our Breath, drawing grand designs with Frost.
We thought the Ice would last
all season, comfort of our white Chrysalis
wrapping Crystal dreams.
We antici-
pated  each  coming  day
like a Snowflake waits
for infinite friends to follow
it’s unique descent.
We didn’t fear starry hours
or burned out sky
because even that
was Bright.
And one morning whispers with a
drip. drip.
delicate palaces rush into consciousness.
new chrysalis cries
as every brick of what we built
becomes a warmer, wetter winter tear.
collapsing towers, liquid architectures dancing
deep in ear canals, all flowing castles of the fall.
Tall empires all return to sea level.
farewell, foundations.
goodbye, stuck moments.
take care, cold friends.
hello, invisible breath.
now fleeing into pavement rivers,
moving as if only motion was alive,
sunlit course corrections,
shifting midstream to not die.
but I weep for our grand designs,
no solace in the warm survival of their parts,
impermanence courts chaos
in what’s left
of a pair
of frozen hearts.

Maidan Morning

From my personal journal, February 1, 2014:

The barricades on Hrushevsky Street, the site of one of the worst battles of the Maidan (as of February 1, 2014). The black clusters in the distance on the far left, are Berkut behind their shields.

The barricades on Hrushevsky Street, the site of one of the worst battles of the Maidan (as of February 1, 2014). The black clusters in the distance on the far left, are Berkut behind their shields.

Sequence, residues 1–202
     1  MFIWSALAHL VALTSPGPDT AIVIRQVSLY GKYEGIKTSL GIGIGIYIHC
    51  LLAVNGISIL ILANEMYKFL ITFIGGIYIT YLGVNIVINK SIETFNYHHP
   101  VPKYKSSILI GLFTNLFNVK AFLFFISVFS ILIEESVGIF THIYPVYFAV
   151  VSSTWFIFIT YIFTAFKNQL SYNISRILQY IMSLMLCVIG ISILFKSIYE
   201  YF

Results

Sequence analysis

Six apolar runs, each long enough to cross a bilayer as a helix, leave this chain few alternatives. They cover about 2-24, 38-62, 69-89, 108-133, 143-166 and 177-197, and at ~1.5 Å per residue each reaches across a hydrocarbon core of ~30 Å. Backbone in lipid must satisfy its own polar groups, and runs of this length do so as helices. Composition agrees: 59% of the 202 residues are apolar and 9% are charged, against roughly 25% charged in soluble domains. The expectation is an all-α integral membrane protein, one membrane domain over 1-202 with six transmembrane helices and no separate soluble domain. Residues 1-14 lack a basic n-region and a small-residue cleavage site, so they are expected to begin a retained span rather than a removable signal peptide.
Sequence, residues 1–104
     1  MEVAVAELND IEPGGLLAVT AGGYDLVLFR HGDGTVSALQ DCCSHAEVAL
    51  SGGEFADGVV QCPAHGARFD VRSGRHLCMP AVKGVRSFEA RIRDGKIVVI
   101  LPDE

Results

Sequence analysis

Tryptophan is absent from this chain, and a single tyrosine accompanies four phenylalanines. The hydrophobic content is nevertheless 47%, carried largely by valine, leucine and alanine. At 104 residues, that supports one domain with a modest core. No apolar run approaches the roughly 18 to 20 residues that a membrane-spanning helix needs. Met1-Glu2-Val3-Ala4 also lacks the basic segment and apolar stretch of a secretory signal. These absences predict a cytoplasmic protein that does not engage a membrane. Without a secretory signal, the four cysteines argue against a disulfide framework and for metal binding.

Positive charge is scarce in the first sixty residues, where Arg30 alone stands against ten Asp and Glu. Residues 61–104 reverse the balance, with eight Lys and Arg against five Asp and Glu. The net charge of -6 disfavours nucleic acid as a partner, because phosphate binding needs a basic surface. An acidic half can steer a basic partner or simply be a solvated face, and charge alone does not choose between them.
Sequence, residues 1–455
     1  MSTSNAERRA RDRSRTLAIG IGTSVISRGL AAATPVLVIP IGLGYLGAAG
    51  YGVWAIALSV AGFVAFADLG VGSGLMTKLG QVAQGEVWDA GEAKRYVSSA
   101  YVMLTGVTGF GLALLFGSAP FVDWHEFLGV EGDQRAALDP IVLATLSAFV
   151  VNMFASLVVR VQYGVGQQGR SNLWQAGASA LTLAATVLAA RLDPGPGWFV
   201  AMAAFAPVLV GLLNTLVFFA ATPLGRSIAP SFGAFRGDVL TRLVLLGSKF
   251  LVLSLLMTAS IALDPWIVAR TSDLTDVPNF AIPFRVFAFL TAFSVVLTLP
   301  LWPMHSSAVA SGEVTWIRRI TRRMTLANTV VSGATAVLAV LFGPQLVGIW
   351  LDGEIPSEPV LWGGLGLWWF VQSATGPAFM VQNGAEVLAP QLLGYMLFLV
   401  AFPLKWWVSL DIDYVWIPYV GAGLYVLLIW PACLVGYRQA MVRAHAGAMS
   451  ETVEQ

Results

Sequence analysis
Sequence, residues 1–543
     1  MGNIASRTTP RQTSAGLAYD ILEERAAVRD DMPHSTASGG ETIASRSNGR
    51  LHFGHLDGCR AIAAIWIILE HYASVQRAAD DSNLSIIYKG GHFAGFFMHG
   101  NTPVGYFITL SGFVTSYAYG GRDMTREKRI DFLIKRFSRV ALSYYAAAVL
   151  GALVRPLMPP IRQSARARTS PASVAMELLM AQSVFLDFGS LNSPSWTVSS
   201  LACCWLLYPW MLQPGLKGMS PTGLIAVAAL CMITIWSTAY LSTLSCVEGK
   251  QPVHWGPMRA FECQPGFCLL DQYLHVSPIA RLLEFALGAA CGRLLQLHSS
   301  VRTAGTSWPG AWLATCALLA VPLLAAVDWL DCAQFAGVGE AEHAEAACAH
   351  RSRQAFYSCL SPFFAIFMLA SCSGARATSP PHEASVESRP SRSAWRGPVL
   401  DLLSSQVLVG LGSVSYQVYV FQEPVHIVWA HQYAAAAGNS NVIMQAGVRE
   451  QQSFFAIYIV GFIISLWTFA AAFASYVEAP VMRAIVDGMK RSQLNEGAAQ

Seeing Maidan in person left me in a state of mild awe. How can so many souls come from near and far, gather, organize, donate, protest, fight, break, bleed, die, and wake up to do it again and again for months? There must be something here, something about these folks with a sacrificial focus. I would not believe the sheer mass and force of this effort unless I took in every street with my own eyes, smelled the barrel fires on the winter wind, tasted the smoke of recent battles, heard the whispers of the hurt, or touched the weapons used against those who stood here, in the face of faceless oppression. Danger be damned, I regret not coming here earlier. All the parts of me that sat in that airport on the other side of the Atlantic and hesitated to board my flight melted away. I wish I went at the start of this trip instead of the very last day.

I felt things today I’ve never felt before.

I’m proud of these people. All of them. I’ve never felt sympathy or anything particularly positive about nationalism, patriotism, living in any of the dozens of places I’ve lived, or even being on any kind of team. Today, I got my first taste of what gets others so fired up about a shared idea. I felt what holds them together. Today, I stood in the middle of something vastly bigger and more important than myself, a witness to a change more important than any I’ve experienced and that will affect many more people than I can ever know. And this wasn’t an abstract political idea, or something frivolous and fleeting like a sports game, or imagined like a film or a painting or a book or a startup spreadsheet or university research project. These weren’t curated images on the news. The effects were immediate and real. I could see it in the faces of the grandmas handing out free meals, the men younger than me in half-winter, half-battle gear patrolling every barricade and the entrances of every conquered building, in the spray painted fervor on the signs and the shields and the banners and the doors masking the downtown materialism, in the crass caricatures and beautiful pieces of art being painted in front of me, steps away from where protesters died, in freezing winter temperatures, in the hands of the inspired, who refuse to leave in spirit and in body.